Russia committed ‘clear war crime’ against Mariupol theater
An extensive investigation by Amnesty International (AI) concludes that Russian military forces committed a “clear war crime” when they attacked the theater in the Ukrainian city of Mariupol in March, killing around 600 people.
“After months of rigorous investigation, analysis of satellite imagery and interviews with dozens of witnesses, we have concluded that the attack was a clear war crime committed by Russian forces,” said AI Secretary General Agnès Callamard.
“Many people were injured or lost their lives in this relentless attack. It is likely that their deaths were caused by the deliberate attack of Ukrainian civilians by Russian forces,” she pointed out.
Agnès Callamard stressed that “the International Criminal Court and all those who have jurisdiction over the crimes committed during this conflict must investigate the attacks as a war crime”.
In May, an investigation by the AP news agency found that about 600 people had died in the theater attack, double the number estimated by Kiev at the time.
Between March 16 and June 21, AI analyzed in detail digital evidence, satellite imagery, 52 first-hand testimonies from survivors and people who witnessed the attack, architectural plans of the building, and authenticated photographic and video material.
In a new report entitled “’Children’: The Attack on the Donetsk Regional Academic Drama Theater in Mariupol”, the non-governmental organization (NGO) documents how the Russians attacked the infrastructure, even though there were hundreds of civilians, including children.
By interviewing several survivors and collecting various computer data, the AI Crisis Response team concluded that the attack was almost certainly carried out by Russian warplanes that dropped two 500-kilogram (kg) bombs that landed next to each other and detonated simultaneously.
AI hired a physicist to create a mathematical model of the detonation, to determine the net explosive weight of the explosion that would be needed to cause the level of destruction detected in the theater.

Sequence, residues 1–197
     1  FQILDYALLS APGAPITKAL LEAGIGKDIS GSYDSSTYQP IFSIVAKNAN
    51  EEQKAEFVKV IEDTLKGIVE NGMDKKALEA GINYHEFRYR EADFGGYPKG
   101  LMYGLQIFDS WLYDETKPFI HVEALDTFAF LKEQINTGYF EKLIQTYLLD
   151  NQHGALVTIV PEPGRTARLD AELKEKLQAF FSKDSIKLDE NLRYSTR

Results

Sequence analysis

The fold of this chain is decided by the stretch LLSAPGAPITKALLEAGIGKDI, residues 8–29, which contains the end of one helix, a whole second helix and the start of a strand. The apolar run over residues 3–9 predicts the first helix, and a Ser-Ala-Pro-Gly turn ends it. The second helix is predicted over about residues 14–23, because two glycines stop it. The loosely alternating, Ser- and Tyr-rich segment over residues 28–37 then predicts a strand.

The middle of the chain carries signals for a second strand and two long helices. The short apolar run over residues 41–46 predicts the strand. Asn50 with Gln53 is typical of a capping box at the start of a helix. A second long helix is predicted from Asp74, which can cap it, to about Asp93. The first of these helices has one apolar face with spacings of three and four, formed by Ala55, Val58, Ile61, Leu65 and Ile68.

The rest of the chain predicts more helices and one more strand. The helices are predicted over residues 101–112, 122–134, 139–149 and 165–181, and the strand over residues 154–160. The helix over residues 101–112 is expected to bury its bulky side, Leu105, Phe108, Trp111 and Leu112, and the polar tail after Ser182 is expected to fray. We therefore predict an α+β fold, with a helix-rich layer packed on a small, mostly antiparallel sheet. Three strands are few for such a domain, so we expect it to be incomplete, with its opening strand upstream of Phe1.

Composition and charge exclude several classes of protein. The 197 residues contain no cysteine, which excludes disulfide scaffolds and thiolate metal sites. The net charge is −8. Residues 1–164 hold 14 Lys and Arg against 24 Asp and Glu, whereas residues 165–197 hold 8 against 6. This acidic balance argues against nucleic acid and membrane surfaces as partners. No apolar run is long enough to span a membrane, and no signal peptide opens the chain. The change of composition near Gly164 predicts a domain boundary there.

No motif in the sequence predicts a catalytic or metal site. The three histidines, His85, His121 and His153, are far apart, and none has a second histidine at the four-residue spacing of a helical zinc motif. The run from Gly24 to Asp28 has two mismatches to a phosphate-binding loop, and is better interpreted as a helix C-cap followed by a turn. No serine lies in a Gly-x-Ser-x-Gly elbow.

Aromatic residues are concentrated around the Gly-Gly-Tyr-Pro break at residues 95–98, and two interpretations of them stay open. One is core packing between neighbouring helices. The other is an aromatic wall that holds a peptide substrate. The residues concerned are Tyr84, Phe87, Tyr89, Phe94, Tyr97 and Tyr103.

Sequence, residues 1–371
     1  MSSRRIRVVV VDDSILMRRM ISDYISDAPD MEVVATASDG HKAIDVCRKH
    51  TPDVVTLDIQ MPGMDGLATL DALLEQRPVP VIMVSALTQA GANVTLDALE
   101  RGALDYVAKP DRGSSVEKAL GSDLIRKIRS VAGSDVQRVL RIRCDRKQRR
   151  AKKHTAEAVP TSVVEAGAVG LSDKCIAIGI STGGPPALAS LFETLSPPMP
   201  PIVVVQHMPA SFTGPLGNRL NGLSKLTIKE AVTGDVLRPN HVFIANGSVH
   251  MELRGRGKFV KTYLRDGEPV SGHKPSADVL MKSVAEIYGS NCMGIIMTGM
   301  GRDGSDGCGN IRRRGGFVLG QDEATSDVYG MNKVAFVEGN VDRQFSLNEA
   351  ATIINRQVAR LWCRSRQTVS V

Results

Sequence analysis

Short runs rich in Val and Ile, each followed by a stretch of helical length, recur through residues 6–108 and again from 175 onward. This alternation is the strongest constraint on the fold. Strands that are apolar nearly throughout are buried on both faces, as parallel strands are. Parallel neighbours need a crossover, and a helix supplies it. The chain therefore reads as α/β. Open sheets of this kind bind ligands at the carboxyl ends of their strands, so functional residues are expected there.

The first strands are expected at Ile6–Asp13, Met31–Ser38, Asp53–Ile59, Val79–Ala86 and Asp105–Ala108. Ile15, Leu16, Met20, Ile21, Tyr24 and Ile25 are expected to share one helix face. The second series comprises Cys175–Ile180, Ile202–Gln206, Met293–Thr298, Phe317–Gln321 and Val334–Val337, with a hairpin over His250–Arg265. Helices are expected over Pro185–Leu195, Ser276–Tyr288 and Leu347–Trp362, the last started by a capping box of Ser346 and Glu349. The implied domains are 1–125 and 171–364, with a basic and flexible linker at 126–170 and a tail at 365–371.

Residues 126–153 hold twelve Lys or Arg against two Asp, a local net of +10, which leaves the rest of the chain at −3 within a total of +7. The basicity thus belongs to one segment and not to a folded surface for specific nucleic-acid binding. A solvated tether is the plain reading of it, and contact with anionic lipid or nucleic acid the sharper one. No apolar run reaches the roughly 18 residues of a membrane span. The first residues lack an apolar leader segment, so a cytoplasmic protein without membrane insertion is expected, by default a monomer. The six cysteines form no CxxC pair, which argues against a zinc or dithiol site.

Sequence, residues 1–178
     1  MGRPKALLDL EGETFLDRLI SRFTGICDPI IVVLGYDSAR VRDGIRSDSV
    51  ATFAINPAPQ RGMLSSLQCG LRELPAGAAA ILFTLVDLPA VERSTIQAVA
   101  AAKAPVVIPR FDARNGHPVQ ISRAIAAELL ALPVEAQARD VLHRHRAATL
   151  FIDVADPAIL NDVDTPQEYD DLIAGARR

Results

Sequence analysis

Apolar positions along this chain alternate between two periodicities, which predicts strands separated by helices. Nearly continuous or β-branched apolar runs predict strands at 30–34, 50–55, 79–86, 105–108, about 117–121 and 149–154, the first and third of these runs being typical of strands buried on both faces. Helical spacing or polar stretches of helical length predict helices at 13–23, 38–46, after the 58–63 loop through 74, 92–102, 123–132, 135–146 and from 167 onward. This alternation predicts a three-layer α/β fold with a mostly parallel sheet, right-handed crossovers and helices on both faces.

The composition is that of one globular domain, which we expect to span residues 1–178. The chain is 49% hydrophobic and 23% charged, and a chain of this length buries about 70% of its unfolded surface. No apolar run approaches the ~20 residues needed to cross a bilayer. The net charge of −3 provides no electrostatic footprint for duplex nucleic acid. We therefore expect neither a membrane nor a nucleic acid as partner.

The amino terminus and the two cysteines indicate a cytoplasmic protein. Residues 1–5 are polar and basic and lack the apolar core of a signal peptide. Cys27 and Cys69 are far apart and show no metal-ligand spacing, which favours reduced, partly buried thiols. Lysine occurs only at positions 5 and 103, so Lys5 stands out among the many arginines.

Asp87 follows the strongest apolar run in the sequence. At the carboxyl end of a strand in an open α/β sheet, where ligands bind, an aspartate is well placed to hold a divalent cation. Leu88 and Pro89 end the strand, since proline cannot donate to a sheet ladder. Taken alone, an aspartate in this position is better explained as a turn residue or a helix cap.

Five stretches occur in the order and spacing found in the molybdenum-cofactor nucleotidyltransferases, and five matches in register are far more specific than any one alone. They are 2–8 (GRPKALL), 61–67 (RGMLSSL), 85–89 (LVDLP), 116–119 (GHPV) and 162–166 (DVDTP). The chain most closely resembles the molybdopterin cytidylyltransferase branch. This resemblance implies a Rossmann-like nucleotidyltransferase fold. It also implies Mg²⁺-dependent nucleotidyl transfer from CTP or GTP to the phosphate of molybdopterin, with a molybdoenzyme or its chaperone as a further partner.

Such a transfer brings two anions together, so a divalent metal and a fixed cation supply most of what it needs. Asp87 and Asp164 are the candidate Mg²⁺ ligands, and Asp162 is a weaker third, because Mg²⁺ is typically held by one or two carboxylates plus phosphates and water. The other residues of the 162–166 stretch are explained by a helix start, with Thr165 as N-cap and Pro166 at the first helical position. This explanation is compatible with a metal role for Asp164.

The conclusion, according to the NGO, was that the bombs had a net explosive weight of 400/800 kg.
For its part, based on available data on Russian bombs, AI estimated that the weapons were likely two 500kg bombs of the same model, giving a total net explosive weight of between 440 and 600kg.
The Russian Army aircraft most likely to carry out the attack were multirole fighters — such as the Su-25, Su-30 or Su-34 models — based at nearby Russian airfields and often seen operating in southern Ukraine.
After examining several theories, the investigation concludes that a deliberate air strike against a civilian target was the most likely explanation.
According to AI, survivors and other witnesses admitted to seeing dead bodies they could not identify, with many deaths likely yet to be reported.
The Mariupol Drama Theater in the Donetsk region became a safe haven for civilians seeking shelter from the fighting.
In addition to being a distribution center for medicine, food and water, and a designated meeting point for people waiting to be evacuated in humanitarian corridors, the building, in that besieged city, was recognizable as a civilian infrastructure, according to AI.
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